News Release, Maryland Department of Natural Resources

The Maryland Department of Natural Resources aims to expand tree cover on public lands across the state, offering affordable and attractive trees for planting on community lands and open space through its Tree-Mendous Maryland program. New this year, the department is offering high quality, native shrubs, and trees, which are grown and provided by American Native Plants in Baltimore County.

“Autumn is a great time to plant native species because shrubbery and trees can survive and thrive over the winter months,”Maryland Forest ServiceDirector Don VanHassent said. “There is certainly affordable, attractive, and beneficial greenery for every public property and space among our diverse and robust offerings.”

Church, civic, community, and school groups; homeowners associations; local governments; nonprofits; and others are eligible to purchase plantings from the Tree-Mendous program, as long as the shrubs and trees are planted on community and public land with prior approval from the landowner.Order today!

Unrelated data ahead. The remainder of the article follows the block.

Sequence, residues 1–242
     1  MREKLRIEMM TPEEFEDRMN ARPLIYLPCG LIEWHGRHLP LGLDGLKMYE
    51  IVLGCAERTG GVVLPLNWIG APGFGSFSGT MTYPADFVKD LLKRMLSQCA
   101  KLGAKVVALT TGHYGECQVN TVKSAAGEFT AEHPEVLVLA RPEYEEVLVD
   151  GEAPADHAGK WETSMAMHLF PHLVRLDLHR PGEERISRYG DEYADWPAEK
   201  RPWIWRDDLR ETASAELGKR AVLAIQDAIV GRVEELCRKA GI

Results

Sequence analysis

To save on delivery fees, communities and nonprofits that order now can also pick their trees up at several sites in October:Greenbrier State ParkOct. 17;Cedarville State ForestOct.22orTuckahoe State ParkOct.24. Recipients can also pick their orders up at American Native Plants in BaltimoreCounty, which grows and provides the trees, throughout the season.

Since starting Tree-Mendous Maryland in 1989, the Maryland Forest Service has assisted more than 3,000 groups and organizations with plantings. Tens of thousands of shrubs and trees have been planted in communities, parks, schools, squares, and towns across the state. Trees beautify the landscape, clean and filter air and water, and provide essential habitat for wildlife.

David M. Higgins II, Publisher/Editor

David M. Higgins was born in Baltimore and grew up in Southern Maryland. He has had a passion for journalism since high school. After spending many years in the Hospitality Industry he began working in...